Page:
I've been recovering from a strong bout of the flu, or something flu-ish. I guess spending so much time at home gave me time to think. For some reason, I started to remember some shows I used to watch late night on Fridays. Although my parents were always squeamish about my staying up late, they were a little more accepting of my doing so on Fridays and Saturdays, since the day after is not a school night.
In the mid-80s, when I was around 13 or 14, I used to love to stay up late on Friday nights and watch the programming of this particular local TV station, which ran several old series in a row. Even back then, I was into retro pop culture, and I loved seeing these old TV programs, all of which carried some of the flavor of their respective eras.
The evening would start right after the 11:00 news was over. At 11:30 would come the first program in my Friday late night schedule: the original Battlestar Galactica, which ran for a few years in the late '70s. I remembered the series when it first came out (and I was 7 or 8), but didn't get as much into it until my early teens and the shows re-emergence on late night re-runs.
I absolutely loved the original Battlestar Galactica, the '70s post-Sta Wars style sci-fi, the action, and in particular, the concept of a race of humans escaping from their doomed world, fighting off a predatory alien machanized race called "cylons," and risking it all for the hope of a new home: "a shining planet known as earth."
Heres the opening credits. The "shining planet known as Earth" reference was from the closing credits. Its all good.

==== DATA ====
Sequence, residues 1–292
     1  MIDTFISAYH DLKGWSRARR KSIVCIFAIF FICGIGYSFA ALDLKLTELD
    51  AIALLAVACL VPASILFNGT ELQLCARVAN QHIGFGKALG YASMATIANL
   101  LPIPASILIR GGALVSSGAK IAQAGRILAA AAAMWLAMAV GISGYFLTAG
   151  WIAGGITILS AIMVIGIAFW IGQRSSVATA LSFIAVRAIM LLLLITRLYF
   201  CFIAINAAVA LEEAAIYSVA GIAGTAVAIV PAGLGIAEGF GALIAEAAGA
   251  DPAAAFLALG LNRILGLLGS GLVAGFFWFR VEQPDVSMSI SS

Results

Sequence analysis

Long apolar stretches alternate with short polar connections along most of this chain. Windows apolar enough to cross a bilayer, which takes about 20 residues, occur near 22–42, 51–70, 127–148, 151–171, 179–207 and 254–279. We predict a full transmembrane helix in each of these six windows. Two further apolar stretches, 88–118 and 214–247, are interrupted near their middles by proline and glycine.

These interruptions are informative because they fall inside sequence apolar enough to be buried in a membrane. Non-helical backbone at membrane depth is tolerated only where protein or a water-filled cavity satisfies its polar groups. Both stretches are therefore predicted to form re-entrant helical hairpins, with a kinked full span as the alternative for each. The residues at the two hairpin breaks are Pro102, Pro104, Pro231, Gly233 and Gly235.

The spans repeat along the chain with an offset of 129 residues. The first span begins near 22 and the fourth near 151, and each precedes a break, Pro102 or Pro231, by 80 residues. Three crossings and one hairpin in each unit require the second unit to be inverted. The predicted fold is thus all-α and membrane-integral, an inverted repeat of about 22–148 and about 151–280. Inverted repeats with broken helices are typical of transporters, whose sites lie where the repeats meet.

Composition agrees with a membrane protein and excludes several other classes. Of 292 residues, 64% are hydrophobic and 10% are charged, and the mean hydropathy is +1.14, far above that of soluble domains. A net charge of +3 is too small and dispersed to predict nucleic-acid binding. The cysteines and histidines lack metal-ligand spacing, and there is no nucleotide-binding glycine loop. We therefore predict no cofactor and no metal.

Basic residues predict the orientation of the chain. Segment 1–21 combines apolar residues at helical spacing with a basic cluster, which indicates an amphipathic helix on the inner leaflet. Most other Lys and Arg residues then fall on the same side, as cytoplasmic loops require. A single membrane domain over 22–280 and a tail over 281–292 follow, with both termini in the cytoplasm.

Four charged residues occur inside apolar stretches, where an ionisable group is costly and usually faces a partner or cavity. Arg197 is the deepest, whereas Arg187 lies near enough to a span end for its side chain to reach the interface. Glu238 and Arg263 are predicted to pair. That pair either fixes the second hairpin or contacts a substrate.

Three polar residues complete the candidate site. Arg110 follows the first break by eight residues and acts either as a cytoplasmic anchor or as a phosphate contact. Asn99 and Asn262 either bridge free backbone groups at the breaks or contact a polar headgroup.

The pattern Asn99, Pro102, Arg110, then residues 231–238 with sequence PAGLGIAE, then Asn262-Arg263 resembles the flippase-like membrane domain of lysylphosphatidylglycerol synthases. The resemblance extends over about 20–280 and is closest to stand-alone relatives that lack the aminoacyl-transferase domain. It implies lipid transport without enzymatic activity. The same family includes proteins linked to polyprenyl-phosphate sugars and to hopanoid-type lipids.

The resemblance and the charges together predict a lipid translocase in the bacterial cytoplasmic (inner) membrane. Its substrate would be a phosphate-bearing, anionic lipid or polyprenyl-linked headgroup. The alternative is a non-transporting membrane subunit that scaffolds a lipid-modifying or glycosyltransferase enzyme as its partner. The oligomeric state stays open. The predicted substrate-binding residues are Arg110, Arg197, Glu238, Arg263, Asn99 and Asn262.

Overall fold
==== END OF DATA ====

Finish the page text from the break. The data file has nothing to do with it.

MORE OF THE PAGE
Now heres when some will consider my viewing choices to veer toward the geeky. But so be it! After the original Battlestar Galactica, the rest of the night veered toward the 1960s. The next show in line was The Patty Duke Show, which ran during the mid-'60s, around the time the musical British Invasion brought the Beatles and their kin to America's shores.
The Patty Duke Show featured the novelty of the namesake actress, the young Ms. Duke, playing two roles: that of nearly identical cousins, Patty and Cathy, who are otherwise complete opposites. This program is a remarkable time capsule of that era, and you can practically imagine the Beatles or the Stones or some folkie group on the radio. I remember loving this show for that reason, even as a someone in his early teens during the '80s.
Then came two more light-hearted, gentle comedies from the late '60s and early '70s. First, Family Affair, a gentle late '60s sitcom, which I found sometimes a little too cutesy. But it was there to watch, so I did.
And then the Doris Day Show, another gentle comedy which ran from 1968 to 1973. In looking over the show again on Youtube, I can now tell that most of the shows I saw came from the early '70s, where a plot shift took the main character (Doris Martin) from being a widowed mother to two young boys living in a rural area, to moving to San Francisco and being a reporter for a glossy magazine.
As with the others, part of the appeal of the show was just how "'60s" (or early '70s, as the case may be) it all looked. This was not the '60s of long hair and hippies (although I kind like that too), but rather the modish Swinging '60s.
Now way past midnight, the evening ended with Elvira's show, featuring some usually cheap horror flick with the hostess' comments during breaks. By this point, I was probably very drowsy, and likely to either call it quits and go to sleep, or to fall asleep watching the movie. Suffice it to say this is the last I remember of those evenings.